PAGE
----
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The newly released Information Security Breaches Survey 2014, commissioned by the UK’s Department for Business, Innovation and Skills (BIS) and conducted by PwC finds that although the number of information security breaches impacting UK businesses decreased over the last year decreased, both the scale of the breaches reported and the impact has almost doubled.

“Although organisations are experiencing fewer breaches overall, the severity and impact of attacks has increased, with the average cost of an organisations’ worst breach rising significantly for the third consecutive year,” the report states.

Key findings include:

  • 81% of large organisations suffered a security breach – down from 86% in 2013
  • For large organisations the worst breaches cost between £600,000 and £1.15 million on average
  • 60% of small businesses reported a breach, down from 64% last year
  • For small organisations the worst breaches cost between £65,000 and £115,000 on average

“Whilst the number of breaches affecting UK business has fallen slightly over the past year the number remains high and in many companies more needs to be done to drive true management of security risks. Breaches are becoming more sophisticated and their impact more damaging,” said Andrew Miller, PwC’s cyber security director.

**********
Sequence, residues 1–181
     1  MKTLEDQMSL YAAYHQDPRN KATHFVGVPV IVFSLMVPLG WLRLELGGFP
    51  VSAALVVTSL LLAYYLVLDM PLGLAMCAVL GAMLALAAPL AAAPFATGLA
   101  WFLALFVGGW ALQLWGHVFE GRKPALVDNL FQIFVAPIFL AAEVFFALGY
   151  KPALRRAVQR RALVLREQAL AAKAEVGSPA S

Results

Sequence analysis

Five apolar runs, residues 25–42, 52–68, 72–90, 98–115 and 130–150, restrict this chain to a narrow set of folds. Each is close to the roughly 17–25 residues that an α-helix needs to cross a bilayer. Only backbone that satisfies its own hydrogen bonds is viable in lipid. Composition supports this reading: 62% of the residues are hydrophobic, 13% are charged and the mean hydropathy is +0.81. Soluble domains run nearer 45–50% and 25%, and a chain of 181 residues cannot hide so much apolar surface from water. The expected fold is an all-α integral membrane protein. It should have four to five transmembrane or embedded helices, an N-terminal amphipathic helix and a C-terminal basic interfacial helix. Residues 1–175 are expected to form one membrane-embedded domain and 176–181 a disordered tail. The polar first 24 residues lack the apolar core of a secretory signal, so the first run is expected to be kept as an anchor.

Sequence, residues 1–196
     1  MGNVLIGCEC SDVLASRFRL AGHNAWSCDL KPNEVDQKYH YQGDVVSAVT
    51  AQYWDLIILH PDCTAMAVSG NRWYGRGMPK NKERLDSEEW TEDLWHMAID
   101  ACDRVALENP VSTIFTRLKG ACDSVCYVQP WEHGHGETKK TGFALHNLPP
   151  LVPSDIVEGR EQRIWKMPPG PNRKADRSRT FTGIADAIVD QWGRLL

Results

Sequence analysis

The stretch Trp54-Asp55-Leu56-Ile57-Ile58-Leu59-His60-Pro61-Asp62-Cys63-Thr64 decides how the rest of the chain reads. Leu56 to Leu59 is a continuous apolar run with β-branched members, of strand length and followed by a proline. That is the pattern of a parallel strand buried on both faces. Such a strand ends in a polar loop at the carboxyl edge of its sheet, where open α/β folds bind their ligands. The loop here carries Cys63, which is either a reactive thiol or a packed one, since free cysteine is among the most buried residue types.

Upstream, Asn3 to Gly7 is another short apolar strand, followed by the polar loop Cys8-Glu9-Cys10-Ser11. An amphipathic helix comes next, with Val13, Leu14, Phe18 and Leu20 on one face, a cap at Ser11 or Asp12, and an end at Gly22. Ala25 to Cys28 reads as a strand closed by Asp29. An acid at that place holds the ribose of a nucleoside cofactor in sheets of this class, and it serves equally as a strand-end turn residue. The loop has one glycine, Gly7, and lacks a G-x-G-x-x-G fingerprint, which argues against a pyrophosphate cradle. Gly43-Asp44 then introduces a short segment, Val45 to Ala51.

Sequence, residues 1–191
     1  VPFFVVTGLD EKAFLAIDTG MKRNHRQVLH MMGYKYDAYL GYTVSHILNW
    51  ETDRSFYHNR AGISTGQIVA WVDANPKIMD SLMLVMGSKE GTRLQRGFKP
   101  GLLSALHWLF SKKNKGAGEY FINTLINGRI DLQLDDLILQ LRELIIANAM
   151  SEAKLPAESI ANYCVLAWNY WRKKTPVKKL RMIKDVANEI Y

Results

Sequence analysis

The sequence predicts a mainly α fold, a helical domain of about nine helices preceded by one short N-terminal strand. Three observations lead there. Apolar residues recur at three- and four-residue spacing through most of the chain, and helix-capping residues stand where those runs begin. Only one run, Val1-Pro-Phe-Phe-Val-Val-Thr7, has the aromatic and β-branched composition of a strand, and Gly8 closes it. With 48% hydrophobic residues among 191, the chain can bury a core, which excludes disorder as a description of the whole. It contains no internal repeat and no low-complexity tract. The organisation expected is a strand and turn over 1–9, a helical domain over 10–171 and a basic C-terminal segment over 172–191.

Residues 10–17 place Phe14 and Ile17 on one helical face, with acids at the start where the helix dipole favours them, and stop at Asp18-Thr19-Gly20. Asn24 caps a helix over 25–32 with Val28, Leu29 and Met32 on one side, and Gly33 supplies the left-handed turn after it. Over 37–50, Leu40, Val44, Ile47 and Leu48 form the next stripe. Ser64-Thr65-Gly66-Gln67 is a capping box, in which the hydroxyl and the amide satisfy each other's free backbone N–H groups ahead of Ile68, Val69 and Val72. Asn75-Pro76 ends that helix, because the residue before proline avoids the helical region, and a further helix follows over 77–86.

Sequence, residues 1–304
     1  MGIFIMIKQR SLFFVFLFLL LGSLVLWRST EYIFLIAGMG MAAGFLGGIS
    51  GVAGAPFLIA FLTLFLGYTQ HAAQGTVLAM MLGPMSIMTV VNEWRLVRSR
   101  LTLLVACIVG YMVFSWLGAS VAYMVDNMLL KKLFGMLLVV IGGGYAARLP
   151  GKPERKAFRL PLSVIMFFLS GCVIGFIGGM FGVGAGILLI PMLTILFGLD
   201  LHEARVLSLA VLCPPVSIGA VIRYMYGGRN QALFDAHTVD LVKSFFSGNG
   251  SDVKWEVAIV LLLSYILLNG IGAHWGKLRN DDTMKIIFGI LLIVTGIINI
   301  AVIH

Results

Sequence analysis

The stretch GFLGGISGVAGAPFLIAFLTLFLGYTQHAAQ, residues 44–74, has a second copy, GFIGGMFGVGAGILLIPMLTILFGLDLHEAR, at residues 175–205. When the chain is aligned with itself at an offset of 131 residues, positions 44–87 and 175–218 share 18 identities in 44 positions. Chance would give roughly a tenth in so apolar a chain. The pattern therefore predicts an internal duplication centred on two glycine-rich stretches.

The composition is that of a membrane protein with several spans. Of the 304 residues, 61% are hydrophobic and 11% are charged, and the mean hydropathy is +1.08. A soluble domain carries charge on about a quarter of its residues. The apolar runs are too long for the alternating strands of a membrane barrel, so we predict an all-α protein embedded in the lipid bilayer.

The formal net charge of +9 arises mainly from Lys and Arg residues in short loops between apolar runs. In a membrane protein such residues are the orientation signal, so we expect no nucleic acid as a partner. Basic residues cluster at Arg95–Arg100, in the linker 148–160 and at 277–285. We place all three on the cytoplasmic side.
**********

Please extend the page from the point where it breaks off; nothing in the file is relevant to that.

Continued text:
“Given the dynamic nature of the risk, boards need to be reviewing threats and vulnerabilities on a regular basis. As the average cost of an organisation’s worst breach has increased this year, businesses must make sure that the way they are spending their money in the control of cyber threats is effective,” Miller continued. “Organisations also need to develop the skills and capability to understand how the risk could impact their organisation and what strategic response is required.”

Other findings in the report include:

  • 70% of companies that have a poor understanding of security policy experienced staff related breaches
  • only 41% of companies experienced staff related breaches where security is well understood
  • the number of businesses which are confident they have the means within their organisations to detect, prevent and manage information security breaches is 59%, up from 53% last year

“These results show that British companies are still under cyber attack. Increasingly those that can manage cyber security risks have a clear competitive advantage,” said UK Universities and Science Minister David Willetts.

“Through the National Cyber Security Programme, the government is working with partners in business, academia and the education and skills sectors to equip the UK with the professional and technical skills we need for long-term economic growth.”

The full results from the study will be released during the Infosecurity Europe conference.

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